girls and their treeAs far as food is concerned, this time of year is like none other.  The other day I ate raspberry chipotle sauce over cream cheese and crackers for lunch. To up the nutritional content of that well-balanced meal, I ate the last of the Harry & David pears Matt’s dad and step-mom sent us. I had saved the gold-foil-wrapped pear for last, and with each bite juice ran down my chin like eating a popsicle when it’s 100 degrees outside. A couple nights ago at Bunco my dear friend Jess made the most amazing apple cake with cream cheese icing. The cake was still warm from the oven and the icing was equal parts tangy and sweet. Perfect. And then there’s peppermint everything. Matt and I have a thing for minty desserts. When we first moved to Memphis, we went to Sheridan’s every night for an entire week to get a Grasshopper, vanilla custard mixed with mint and crushed Oreos. Since the first Christmas after Lydi was born, we’ve been making peppermint bark together. Lyd loves to crush the candy canes and lick the bowl after the melted white chocolate has been poured out. Matt and Lottie just love to eat the finished product.

Such a rich season, lights twinkling everywhere, the scent of cinnamon lacing the air and cream cheese and butter in, well, almost everything. Gratefully, this year we’ve managed to say no to a lot of good things. No to Pinterest. No to that overachieving elf. No to a billion parties. There’s nothing wrong with those things. They just didn’t make our list this year. Because of saying no to all those things, our pace this season has been a lot slower than previous years. Which has been lovely and terrifying. Sometimes I think I do my best to stay blurringly busy so I don’t have to truly face what my heart is feeling. With the cold temps we’ve been having, we’ve spent lots of time snuggled inside, lots of dance parties to Mariah Carey and Stevie Wonder Christmas songs, lots of late night Christmas movies with my hubby and lots of time saying thank you. Ann Voskamp’s reminder rings through my ears like a thousand jingle bells, “When we have an agenda for God, we can’t see the gifts of God.”

This Advent season has held some pain as all waiting does, but I’m grateful for Voskamp’s reminder. I don’t want to miss the gifts, abundant and lavish, that surround me. The smell of evergreen and Ivory soap as we flock our tree. Two little girls in fleecy footy pajamas going to look at Christmas lights. The curve of our oak Advent wreath and candlelight reflecting in their eyes as Matt reads our Advent story each night. Hot chocolate with marshmallows and watching The Polar Express as ice glitters our trees outside. Tacky Christmas sweaters and laughing with girlfriends. A trip to Target with our small group to shop for Christmas in a Red Bag and gushing over tiny baby clothes as one of our couples prepares to welcome their long-awaited son.

I may be waiting. My heart may be aching and longing, but I wait with hope. Because when I stop and look around me, I see the rich and lavish gifts of a God who loves me dearly. I see a million whispers of His faithfulness, a thousand reminders that He is Emmanuel, that He has come to us. I want to treasure these moments and Christmas memories, these decadent tastes and rambunctious dances, these mistletoe kisses and little candy-cane-sticky hands. These gifts, rich and lavish, that surround me.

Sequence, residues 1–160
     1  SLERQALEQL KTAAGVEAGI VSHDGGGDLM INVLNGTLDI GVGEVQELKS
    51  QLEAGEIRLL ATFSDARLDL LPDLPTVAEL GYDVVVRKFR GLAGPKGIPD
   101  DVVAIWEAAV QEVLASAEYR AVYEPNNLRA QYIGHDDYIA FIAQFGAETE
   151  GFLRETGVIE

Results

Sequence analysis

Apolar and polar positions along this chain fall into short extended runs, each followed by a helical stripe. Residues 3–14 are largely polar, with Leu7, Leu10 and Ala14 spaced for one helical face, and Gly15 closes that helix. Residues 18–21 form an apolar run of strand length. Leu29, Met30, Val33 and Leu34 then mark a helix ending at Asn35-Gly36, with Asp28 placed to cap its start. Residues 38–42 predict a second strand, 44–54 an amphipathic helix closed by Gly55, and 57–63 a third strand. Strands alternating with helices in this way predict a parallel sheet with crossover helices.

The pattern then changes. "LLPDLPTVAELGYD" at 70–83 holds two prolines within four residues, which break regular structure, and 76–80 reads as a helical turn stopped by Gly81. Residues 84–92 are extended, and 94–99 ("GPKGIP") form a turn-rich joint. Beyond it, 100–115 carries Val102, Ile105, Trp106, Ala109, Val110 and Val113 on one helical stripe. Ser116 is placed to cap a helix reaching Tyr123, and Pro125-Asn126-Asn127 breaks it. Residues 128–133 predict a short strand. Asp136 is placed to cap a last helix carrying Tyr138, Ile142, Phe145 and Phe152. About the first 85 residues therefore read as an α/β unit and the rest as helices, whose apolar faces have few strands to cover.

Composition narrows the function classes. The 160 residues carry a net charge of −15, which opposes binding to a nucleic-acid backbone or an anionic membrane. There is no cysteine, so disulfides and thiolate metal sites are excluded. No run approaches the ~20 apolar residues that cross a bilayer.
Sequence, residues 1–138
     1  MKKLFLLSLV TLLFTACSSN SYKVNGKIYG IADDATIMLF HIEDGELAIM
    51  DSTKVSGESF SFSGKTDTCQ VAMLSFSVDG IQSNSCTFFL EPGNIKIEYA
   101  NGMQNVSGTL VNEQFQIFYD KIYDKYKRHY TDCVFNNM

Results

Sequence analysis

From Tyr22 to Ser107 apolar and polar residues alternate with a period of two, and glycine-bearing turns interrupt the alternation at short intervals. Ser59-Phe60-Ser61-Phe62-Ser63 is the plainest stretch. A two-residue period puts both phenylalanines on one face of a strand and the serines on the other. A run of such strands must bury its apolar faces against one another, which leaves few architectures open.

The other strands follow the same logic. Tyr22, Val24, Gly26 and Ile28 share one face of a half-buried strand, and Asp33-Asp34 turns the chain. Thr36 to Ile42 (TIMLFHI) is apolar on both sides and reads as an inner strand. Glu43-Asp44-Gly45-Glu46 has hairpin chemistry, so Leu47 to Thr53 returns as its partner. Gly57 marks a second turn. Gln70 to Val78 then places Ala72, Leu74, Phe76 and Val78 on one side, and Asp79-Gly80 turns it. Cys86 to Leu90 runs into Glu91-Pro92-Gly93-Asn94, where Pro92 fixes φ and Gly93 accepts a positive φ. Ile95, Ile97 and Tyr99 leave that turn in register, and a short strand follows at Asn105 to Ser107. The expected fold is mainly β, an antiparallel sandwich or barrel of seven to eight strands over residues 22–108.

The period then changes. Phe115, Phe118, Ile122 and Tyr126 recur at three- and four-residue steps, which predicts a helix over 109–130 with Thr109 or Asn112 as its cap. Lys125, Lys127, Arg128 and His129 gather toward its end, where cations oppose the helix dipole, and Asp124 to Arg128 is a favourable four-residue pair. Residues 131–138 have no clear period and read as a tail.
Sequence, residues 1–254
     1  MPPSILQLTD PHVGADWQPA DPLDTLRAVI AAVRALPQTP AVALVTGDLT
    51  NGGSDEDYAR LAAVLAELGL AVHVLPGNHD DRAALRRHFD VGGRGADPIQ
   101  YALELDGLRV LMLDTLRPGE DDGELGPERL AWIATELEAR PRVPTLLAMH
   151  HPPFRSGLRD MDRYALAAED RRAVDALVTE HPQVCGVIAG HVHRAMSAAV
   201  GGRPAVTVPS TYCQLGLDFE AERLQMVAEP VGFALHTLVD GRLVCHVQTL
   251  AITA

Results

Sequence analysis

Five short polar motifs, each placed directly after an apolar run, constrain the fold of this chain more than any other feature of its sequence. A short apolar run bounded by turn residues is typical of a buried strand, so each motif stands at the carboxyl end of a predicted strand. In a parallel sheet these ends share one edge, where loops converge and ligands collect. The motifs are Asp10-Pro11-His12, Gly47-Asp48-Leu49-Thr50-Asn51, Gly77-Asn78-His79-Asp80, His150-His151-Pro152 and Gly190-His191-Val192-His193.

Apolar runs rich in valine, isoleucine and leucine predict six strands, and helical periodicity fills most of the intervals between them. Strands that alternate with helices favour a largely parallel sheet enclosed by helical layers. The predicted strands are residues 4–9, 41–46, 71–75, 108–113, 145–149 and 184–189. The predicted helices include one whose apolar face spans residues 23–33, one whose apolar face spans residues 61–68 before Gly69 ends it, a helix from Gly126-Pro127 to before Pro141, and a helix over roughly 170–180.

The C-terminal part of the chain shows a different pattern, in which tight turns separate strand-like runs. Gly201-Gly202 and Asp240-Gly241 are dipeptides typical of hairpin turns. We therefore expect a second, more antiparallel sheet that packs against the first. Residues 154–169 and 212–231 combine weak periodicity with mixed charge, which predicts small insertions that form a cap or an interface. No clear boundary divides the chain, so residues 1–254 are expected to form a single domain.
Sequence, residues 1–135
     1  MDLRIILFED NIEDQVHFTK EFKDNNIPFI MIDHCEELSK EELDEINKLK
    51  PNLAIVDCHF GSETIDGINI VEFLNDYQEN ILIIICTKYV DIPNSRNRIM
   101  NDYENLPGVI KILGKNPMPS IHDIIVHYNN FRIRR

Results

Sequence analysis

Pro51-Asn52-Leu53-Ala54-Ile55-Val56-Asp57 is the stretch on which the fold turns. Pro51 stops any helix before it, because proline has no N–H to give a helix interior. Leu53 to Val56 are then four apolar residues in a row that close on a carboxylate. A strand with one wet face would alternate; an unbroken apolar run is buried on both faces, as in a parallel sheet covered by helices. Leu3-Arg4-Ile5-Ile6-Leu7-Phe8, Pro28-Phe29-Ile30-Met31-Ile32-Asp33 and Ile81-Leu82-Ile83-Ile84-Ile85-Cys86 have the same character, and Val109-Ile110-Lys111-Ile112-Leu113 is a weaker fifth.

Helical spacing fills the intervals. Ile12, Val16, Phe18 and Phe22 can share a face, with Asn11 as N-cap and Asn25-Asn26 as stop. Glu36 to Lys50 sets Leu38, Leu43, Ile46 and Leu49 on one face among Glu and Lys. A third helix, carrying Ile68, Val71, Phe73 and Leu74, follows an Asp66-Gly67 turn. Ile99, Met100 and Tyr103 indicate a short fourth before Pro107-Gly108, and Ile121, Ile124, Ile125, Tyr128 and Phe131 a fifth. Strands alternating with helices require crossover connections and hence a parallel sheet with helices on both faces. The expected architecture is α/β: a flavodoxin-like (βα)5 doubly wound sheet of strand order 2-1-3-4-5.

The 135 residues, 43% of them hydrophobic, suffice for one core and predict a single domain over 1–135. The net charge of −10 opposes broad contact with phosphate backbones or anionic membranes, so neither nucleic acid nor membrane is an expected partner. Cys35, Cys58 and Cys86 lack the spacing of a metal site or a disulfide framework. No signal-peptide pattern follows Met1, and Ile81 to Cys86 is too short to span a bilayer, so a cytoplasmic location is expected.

A Bed Sheet, a Cat & Baby Jesus

A Bed Sheet, a Cat & Baby Jesus

Processed with VSCOcam with t1 presetWhen I was younger (I’m a bit embarrassed to admit by younger I mean twelve, not four), I would stage Christmas “pageants” for my family every year after Christmas lunch. I wrangled my poor brother and sister into being my actors and since it was just the three of us and I had to do the “directing,” they each played multiple roles. Gracie would be Mary and a wise man and an angel and an animal… Taylor would be Joseph, two wise men, a shepherd… you get the idea. There were props and I even put my dad’s reading lamp to good use as a spotlight. I carefully culled my parent’s cassette collection selecting the perfect song to go with each scene. Amy Grant’s “Tender Tennessee Christmas” made it into the repertoire one year, a decision that seems perfectly prophetic now, but my very favorite song, the pinnacle of my little home-spun production, was Sandi Patty’s “O Holy Night.”

The most infamous rendition of Sandi’s “O Holy Night” featured my sister’s gray cat Stormy as the Baby Jesus. Gracie, aka Mary, held the furry Baby Jesus, the lights were dim, a single light shone down on the mother and child, er, cat, and I held my breath. It was beautiful. And then Sandi hit her final note, “Diviiiiiiiiiiiiiiiiiiiiiiiiiiine!!!!!” And with that, Stormy decided she had had enough. She darted from the swaddling clothes, leaped out of the arms of the loving Mary and ran hissing out of the living room. It was Oscar-worthy for sure.